On spotting brainwashed commie-loving mainlanders


Laissez Fair: The Invisible Backhand


I wasn’t sure how I was supposed to react to that. Posted among other remnants of last fall’s Occupy Central protests, these words on the “Democracy Wall” at the University of Hong Kong drew me into a conflict I was reluctant to participate in.

I was reluctant because Asian racial issues don't typically occupy the mainstream –– in the U.S. specifically, race is usually focused on African-Americans and Caucasians. Those who crusade for other social causes don’t often recognize or acknowledge discrimination against Asian-Americans. That’s why, despite being labeled Chinese, American, Chinese-American, and (on those standardized test questionnaires we all love) “Asian/Pacific Islander,” I personally consider myself none of the above. It’s not because my origins are complicated (I was born in China and immigrated to America at the age of four), but because many people don’t think conversations about Asian identity are necessary or important, leading to simplified viewpoints and deeply-rooted stereotypes.

Despite my best efforts to remain unaffected by these issues, “brainwashed, commie-loving Mainlanders” triggered a sense of injustice that left me with no choice but to take a position.

Hong Kong University’s Democracy Wall wasn’t the only thing that bothered me. I also noticed a difference in reception when I spoke English instead of Mandarin to locals, where there was more respect towards Western culture. On the advice of at least three friends, I primarily used English despite the greater difficulty in communication. If I resorted to Mandarin, I would deliberately emphasize my American origins, to be met with raised eyebrows, impressed “ah’s” and nods of approval.

Wondering why there was so much animosity, I typed, “Why does Hong Kong hate China” into Google and was surprised by the results. The majority of news articles I read explained the Occupy movement through political ideology, but beneath the surface there was a much more ordinary dispute. It came down to resources.

One after another, photos and videos showed Chinese tourists on shopping sprees, filling overflowing suitcases with products from Hong Kong, often blocking doorways. Others captured parents changing their infants’ diapers on the subway. More serious was the complaint that too many pregnant Chinese mothers were booking hospital beds in order to give birth in Hong Kong, securing better educations and healthcare for their children than they would have otherwise received in their home country. The underlying theme was that “Mainlanders” were overrunning a sophisticated, metropolitan Hong Kong with savagery and law breaking. “Spot the Mainlander” was a joke that challenged viewers to pick out the obvious foreign infestation.

I was even more disturbed when I remembered the second line on the Democracy Wall, “To all others, we thank you for your understanding as we strive to create a more fair, just and equitable Hong Kong for our future generations to come.”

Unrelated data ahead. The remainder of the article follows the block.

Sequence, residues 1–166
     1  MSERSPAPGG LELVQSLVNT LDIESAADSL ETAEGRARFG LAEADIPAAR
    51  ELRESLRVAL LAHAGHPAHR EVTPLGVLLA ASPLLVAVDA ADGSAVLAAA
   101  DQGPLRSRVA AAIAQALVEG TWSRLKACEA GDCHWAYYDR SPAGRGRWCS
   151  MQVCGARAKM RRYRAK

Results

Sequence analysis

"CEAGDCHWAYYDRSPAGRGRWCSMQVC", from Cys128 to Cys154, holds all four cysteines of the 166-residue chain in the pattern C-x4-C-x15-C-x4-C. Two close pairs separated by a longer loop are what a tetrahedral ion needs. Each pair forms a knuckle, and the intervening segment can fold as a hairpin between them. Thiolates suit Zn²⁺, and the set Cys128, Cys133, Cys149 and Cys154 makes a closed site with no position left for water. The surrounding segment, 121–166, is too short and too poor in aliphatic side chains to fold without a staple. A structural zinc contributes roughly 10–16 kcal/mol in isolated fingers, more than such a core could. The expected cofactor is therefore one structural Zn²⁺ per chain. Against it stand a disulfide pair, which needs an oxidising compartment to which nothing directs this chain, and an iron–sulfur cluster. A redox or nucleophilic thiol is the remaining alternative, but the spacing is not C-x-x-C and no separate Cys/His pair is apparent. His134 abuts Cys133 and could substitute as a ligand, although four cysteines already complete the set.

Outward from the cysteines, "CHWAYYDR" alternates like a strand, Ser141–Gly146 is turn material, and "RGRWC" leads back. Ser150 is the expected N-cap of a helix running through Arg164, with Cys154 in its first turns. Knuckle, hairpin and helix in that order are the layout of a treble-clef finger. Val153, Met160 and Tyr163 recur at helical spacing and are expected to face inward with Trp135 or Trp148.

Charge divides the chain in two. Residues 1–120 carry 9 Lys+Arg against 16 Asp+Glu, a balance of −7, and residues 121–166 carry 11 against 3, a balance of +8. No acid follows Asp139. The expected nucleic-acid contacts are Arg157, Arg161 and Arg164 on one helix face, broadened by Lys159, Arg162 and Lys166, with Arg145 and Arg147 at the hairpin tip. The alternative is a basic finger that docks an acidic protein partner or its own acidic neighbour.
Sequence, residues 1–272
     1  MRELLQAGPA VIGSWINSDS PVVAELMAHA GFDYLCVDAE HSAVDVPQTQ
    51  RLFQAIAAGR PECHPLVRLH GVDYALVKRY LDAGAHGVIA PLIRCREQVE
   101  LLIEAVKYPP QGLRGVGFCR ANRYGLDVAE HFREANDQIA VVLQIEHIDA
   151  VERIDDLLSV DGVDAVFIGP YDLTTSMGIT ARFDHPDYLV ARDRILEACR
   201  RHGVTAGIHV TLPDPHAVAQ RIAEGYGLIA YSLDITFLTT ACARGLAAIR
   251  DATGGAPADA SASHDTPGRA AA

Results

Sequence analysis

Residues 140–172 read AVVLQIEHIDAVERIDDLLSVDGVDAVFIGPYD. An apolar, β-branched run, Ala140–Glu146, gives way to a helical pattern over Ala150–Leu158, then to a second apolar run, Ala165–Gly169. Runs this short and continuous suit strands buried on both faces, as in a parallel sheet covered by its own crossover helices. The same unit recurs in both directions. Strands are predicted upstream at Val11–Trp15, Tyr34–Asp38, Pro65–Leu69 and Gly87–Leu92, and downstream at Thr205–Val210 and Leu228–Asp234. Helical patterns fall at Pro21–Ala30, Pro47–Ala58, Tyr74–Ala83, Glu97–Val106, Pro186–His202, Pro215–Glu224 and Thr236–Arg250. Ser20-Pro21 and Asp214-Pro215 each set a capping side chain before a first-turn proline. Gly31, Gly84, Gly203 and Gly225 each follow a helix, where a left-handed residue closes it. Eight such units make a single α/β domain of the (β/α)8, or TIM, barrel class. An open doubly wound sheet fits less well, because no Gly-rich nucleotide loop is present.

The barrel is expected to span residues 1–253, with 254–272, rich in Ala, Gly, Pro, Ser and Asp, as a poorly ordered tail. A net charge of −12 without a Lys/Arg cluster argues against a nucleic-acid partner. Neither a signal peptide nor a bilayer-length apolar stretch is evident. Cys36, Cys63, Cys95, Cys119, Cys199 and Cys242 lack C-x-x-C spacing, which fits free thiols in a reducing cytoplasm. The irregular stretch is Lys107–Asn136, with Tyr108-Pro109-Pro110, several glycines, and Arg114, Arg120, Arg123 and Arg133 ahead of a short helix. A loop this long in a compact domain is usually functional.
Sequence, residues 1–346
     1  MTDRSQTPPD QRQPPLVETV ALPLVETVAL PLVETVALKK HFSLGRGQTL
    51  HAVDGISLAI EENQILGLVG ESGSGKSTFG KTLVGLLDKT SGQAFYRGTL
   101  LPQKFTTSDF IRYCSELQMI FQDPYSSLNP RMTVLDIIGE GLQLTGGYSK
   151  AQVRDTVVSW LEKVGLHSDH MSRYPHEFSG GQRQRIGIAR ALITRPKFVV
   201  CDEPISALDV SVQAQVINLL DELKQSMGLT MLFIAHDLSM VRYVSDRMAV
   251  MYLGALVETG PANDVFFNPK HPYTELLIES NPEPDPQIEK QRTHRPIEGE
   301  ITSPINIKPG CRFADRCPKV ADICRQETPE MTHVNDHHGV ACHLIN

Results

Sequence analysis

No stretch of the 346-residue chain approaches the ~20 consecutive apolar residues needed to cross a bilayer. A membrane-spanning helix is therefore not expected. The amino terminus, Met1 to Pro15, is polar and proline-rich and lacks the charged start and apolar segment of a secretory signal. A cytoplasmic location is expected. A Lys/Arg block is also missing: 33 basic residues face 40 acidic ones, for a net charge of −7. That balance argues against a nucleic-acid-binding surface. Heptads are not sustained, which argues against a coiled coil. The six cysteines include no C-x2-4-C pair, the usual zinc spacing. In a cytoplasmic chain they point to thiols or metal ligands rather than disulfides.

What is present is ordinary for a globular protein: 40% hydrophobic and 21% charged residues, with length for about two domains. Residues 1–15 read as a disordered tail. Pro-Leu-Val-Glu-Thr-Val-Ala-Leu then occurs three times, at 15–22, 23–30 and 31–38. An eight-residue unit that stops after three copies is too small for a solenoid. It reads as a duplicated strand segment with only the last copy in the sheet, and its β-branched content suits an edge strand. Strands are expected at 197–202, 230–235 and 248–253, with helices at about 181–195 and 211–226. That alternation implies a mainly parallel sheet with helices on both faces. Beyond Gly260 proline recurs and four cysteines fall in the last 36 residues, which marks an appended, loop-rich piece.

It was a noble sentiment, if not for the fact that it followed “brainwashed” and “commie-loving.” The worrisome part was not that someone held these opinions –– I am certain that they do not reflect an entire country’s view –– but the fact that these words were mounted inside a pristine glass case under the title of “democracy,” a word which has a habit of smoothing over many complexities in political debate. Regardless of context, these were offensive and prejudicial insults, and students and tourists walk by them every day, taking photos without any recognition of the damage they cause. This is not the documentation of a historical event –– the label “Democracy Wall” takes away any such neutrality. This is hypocritically barring other people from the same human dignities that Occupy claimed to fight for, silently accepting it as some kind of tourist attraction or part of a social movement instead of explicit racism.

In the end, I think it’s a good thing that many people, myself included, have ambiguous identities, forcing us to create our own values rather than inheriting the set of our predecessors. We love to make fun of questionnaires that list entire continents under one racial label, but the fact that we don’t take them seriously enough to change them reflects a dangerous complacency toward generalizing people and sorting them into convenient categories. I hope one day it will be impossible to “Spot the Mainlander” or anyone else, so that people will be forced to slow down and listen if they want to know who someone really is.

Lin Lan is a School of Arts and Sciences sophomore majoring in Economics. Her column “Laissez Fair: The Invisible Backhand,” runs on alternate Wednesdays.


Lin Lan

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